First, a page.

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Climate Responsive
Design Principles

Background to energy efficiency
The best known building design system for buildings achieving energy efficiency is "passive solar". This approach seeks to achieve interior comfort by encouraging solar light and heat entry into the building, where thermal mass will absorb the heat and re-radiate the heat into the spaces to maintain comfort much of the time.
This approach is well suited to cooler climate locations where external temperatures are often lower than ideal for human comfort. This approach is embodied in a few projects of the architectural practice of Emilis Prelgauskas where these projects are situated on elevated or in poor solar gain locations.
Because there is an extensive body of literature on "passive solar", the theory and application will not be referred to in more detail here.

To design energy efficient buildings situated in warm locations, an adaptation of the "passive solar" approach is to incorporate into the building design shading to shield interior spaces from direct solar gain, use high thermal mass internal to the buildings to absorb excessive heat load out of the indoor air, and to use ventilation paths between internal and external spaces to maintain adequate cooling in these buildings. Because of its extensive application in that region, this building design approach is characterised as "Mediterranean", and often features thick masonry walling, light colours, small openings and buildings with single room depth arranged around enclosed open spaces including courtyards.
Elements of such building design approach are embodied in some of the projects of the architectural practice of Emilis Prelgauskas.
Both these building design methods emphasise resistance to the unfavourable effects of weather.

Climate Responsive building design principles
The practice's location has encouraged a progressive evolution of a further building design approach which is characterised as "Climate responsive in the South Australian Context". Because this design approach uses weather forces actively in securing the building's comfort performance, it differs substantially from the other building design philosophies.
Climate responsive building design expects that the comfort performance of the building is achieved through the composite effects from the site, the building and the landscape.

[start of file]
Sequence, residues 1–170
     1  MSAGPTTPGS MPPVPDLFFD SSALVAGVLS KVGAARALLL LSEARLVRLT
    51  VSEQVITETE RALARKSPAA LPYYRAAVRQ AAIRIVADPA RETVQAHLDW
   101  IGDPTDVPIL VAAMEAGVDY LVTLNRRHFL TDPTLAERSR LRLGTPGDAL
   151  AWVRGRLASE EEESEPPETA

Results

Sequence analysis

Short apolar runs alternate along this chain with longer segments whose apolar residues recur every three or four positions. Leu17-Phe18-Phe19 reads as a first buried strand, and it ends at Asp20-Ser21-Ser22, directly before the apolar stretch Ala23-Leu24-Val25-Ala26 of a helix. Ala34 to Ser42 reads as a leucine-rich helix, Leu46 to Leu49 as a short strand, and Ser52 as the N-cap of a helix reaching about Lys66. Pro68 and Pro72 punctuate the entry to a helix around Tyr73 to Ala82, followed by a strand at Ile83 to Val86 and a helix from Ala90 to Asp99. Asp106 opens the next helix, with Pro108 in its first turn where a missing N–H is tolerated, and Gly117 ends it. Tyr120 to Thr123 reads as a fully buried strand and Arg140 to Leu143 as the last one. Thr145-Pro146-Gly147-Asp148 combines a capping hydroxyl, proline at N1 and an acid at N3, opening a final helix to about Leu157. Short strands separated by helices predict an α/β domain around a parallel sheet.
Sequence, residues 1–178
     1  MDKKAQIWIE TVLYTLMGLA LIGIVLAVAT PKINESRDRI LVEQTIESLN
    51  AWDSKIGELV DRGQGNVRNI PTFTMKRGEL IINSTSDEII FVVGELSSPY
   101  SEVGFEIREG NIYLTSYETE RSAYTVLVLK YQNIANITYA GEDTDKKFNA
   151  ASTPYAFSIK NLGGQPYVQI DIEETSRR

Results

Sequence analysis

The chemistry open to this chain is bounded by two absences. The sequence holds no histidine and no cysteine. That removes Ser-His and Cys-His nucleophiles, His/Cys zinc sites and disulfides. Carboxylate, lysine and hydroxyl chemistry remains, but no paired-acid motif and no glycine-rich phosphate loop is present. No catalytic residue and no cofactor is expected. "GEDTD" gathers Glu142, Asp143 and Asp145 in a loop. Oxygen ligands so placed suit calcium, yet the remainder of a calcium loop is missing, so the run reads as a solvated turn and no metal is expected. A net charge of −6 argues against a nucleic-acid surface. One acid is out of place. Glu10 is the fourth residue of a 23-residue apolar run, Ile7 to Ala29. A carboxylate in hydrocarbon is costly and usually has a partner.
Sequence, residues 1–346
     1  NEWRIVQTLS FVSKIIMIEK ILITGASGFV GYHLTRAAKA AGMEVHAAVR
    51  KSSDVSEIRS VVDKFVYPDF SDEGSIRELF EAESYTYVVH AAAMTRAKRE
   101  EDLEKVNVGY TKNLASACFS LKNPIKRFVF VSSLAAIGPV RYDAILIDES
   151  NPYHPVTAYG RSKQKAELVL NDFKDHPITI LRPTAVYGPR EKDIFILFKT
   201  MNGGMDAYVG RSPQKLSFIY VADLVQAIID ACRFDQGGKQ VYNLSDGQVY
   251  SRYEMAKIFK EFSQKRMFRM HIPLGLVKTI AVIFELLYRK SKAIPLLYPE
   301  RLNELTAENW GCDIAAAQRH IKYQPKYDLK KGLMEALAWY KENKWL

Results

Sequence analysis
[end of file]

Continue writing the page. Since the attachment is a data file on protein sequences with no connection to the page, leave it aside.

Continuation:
As described in detail on other pages, the projects of the architectural practice of Emilis Prelgauskas vary individually, at all times utilising the 'climate responsive' approach, but where appropriate also integrating aspects of the other building design approaches.

Design elements which are complimentary to each of the building design approaches are often integrated - notably sunward orientation of the building's long faces.
Sometimes the design approach of 'passive solar' and 'climate response' are contradictory; then each project is developed around the most suitable of these philosophies to suit each individual circumstance.

For example, one project may embody a sunward facing shading pergola consistent with the shading goal of 'passive solar' for a cool to temperate location.
Another project instead will embody a shade side pergola used as an active cooling device consistent with 'climate response' principles suited to an arid location.

Because climate responsive design principles are infrequently described in publications, the philosophies and technologies are shown here on other pages. Climate responsive embodies:-

  • comfort control in warm climates by using the forces inherent in the weather through solar heating, winds and moisture changes
  • the air movement generated by heat differential across a building between external sunward and shade sides
  • air movement generated by air pressure differential across a building between windward and low pressure areas on the roof form
  • air movement generated by air pressure differential across a building by moisture expiration both by vegetation and generated with built-in technologies to the building Technologies
  • thermal courtyards on the sunside of buildings
  • shade pergolas on the shade side of buildings
  • greenhouses
  • clerestoreys
  • vegetation integral to the building
  • subsidence towers
Experience with the completed projects demonstrates that rather than creating just energy efficient buildings; the climate responsive approach results in low energy demand buildings. As the remnant energy demand of these projects is about 20% of that of conventional buildings in similar locations; the resultant projects can be operated from modest size renewable energy supply systems. This energy supply option is described further in the ESD technologies section.

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